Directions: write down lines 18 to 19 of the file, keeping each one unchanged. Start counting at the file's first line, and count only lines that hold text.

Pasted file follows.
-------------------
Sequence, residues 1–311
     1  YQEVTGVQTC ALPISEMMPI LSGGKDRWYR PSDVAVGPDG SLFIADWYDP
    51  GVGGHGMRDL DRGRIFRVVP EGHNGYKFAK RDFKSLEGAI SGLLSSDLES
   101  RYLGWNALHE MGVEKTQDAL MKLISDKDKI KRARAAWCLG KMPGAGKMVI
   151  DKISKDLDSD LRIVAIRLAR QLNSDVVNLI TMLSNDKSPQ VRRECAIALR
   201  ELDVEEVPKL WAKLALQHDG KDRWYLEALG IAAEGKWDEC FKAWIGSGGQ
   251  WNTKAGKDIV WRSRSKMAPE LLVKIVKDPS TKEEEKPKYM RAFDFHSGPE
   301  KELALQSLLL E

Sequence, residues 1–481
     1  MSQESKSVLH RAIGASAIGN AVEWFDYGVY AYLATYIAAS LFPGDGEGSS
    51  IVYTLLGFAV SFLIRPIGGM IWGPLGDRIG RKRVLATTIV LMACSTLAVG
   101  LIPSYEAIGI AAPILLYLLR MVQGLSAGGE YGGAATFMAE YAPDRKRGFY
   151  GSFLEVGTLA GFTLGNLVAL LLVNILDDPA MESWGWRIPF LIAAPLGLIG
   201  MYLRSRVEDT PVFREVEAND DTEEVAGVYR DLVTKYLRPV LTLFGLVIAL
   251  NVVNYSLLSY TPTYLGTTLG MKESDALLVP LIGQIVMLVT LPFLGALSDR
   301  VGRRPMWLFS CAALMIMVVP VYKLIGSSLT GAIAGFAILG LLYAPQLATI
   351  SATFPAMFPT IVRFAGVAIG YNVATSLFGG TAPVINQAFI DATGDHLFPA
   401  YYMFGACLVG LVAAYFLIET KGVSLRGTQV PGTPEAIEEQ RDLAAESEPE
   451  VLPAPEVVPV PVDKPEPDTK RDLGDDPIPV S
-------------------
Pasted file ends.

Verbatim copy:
   401  YYMFGACLVG LVAAYFLIET KGVSLRGTQV PGTPEAIEEQ RDLAAESEPE
   451  VLPAPEVVPV PVDKPEPDTK RDLGDDPIPV S